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Book Review Methods in Free-Radical Chemistry. Edited by E. S. Huyser

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pp.); 8. Quantitative analysis (32 pp.); 9. Applications
and techniques (92 pp.). The emphasis of the book is
quite clearly on practical aspects. Nevertheless, all the
important equations derived from theory are included in
the most concise possible form. It would be wrong to regard
this merely as a dutiful exercise in theory, since important
practical conclusions are almost invariably derived from
the relationships. The two chapters on columns and applications merit special mention. Containing 263 and 809
literature references respectively, they not only provide a n
excellent survey but represent well-balanced and selfcontained treatises containing all the essential details.
Happily, there is none of the overlapping all t o o often observed in multi-author volumes. All the authors use the
same symbols which are collected together in a single list.
I t is unfortunate that out-of-date statements, now recognized as incorrect, are made in the discussion of the van
Deemter equation o n p. 23, in connection with mass transport in the mobile and the stationary phase. This is evidently due to the fact that the author of this chapter has relied
o n a (cited) paper whose experimental conditions were inappropriate to the theoretical conclusions based upon them.
In its nine chapters the book presents all the essential points
of gas chromatography. I t is particularly suitable for all
those who are daily confronted by analytical and experimental problems of gas chromatography, and can be recommended as a really excellent work.
1 8. -- \JIB. Deininger
t-
[NB 909 IE]
Methods in Free-Radical Chemistry. Edited by E. S. Huyser.
Marcel Dekker Inc., New York 1969, 1st Edit., Vol. 1:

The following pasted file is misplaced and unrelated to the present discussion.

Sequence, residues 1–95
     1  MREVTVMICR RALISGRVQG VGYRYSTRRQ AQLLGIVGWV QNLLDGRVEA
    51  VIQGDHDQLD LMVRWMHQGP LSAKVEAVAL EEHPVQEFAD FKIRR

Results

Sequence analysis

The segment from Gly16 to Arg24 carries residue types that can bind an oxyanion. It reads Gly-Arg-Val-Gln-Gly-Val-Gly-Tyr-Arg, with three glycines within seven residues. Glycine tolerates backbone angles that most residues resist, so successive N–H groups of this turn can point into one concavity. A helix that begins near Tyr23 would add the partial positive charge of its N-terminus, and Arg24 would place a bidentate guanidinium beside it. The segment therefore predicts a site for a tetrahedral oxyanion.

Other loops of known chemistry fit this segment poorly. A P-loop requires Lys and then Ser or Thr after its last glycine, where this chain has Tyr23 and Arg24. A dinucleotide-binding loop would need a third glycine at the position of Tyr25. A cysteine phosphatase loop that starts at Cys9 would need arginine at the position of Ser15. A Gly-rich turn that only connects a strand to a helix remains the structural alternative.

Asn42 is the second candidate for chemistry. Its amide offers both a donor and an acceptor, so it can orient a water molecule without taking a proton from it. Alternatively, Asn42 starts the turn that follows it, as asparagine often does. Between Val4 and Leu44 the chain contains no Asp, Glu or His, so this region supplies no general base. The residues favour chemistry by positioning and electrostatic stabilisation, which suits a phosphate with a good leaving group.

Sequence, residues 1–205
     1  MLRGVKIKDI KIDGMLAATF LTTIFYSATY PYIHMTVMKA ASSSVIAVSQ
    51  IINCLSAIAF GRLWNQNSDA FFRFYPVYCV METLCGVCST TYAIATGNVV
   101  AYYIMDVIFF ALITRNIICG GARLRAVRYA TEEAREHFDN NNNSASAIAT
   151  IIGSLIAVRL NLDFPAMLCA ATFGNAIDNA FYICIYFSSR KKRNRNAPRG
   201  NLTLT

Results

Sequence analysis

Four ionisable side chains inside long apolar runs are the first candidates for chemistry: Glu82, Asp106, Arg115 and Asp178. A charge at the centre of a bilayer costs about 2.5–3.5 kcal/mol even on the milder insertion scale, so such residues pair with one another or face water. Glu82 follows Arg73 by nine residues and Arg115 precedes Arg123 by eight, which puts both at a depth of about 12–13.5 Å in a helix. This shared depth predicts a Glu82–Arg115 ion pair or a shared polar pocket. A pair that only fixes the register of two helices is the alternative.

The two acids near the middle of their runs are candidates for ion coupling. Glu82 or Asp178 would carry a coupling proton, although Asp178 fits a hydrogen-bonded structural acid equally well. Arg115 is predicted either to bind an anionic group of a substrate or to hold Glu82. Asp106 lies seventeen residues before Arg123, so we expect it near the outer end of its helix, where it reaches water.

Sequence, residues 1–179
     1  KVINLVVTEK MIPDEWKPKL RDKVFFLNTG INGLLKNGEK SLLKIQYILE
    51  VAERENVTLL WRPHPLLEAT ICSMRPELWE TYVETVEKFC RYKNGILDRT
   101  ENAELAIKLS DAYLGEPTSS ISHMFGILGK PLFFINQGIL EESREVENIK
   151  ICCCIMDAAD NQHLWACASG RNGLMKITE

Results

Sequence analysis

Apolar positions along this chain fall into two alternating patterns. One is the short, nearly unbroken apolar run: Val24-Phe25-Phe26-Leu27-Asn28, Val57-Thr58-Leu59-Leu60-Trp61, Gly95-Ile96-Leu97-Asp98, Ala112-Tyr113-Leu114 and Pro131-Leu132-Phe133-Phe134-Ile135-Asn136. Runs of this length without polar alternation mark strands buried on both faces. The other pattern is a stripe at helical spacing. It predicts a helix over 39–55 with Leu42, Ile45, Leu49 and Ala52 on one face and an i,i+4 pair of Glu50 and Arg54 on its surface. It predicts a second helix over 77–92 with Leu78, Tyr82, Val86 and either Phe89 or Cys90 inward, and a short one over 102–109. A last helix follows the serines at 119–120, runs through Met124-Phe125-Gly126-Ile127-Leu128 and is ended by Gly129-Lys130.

208 pp., numerous illustrations, bound $11.75. Vol. 2: xi,
242 pp., numerous illustrations, bound $12.75.
Since the publication of C. Walling’s book “Free Radicals in
Solution” in 1957, such extensive progress has been made in
this branch of chemistry that it would no longer be possible
for a single author to present a comprehensive treatment. As
in other fields, therefore, monographs in free-radical chemistry are being replaced by progress reports covering a limited
area. The present new series can consequently claim a place
of special importance alongside “Advances in Free-Radical
Chemistry” [I]. A wide selection of the results of work carried
out in free-radical chemistry over the past twelve years is
discussed in a total of five sections by young authors working
in this field.
The first two chapters (Free Radical Study by Electron Paramagnetic Resonance by L. Kevan, 35 pp.; Free Radical and
Photochemical Reactions by D . C. Neckers, 44 pp.) are dominated by the discussion of the methods and their theoretical
principles on the basis of selected results. Their value lies in
the concise and lucid survey and in the references to the original literature. The sections “Free-Radical Chlorinations”
( M . L. Poutsma, 114 pp.), “Free Radical Brominations” ( W .
A. Thaler, 106 pp.), and “Thiyl Radicals” ( R . M. Kellog,
120pp.), o n the other hand, deal systematically from the
preparative and mechanistic standpoints with free-radical
substitutions and additions of free radicals. The important
relations between structure and reactivity are clearly recognizable from the numerous tables and diagrams. These chapters undoubtedly constitute the more valuable part of the
present work, since the literature, which would now be very
difficult to scan, is reviewed critically and comprehensively up
to the latest position.
In presentation and quality, the two volumes may be regarded
as supplements to Walling’s classic work. They should therefore find a place in every library and are especially recommended to all those who are interested in free-radical chemistry.
Ch. Riichardr [NB 902 IE]
I 8. OEz-
”’*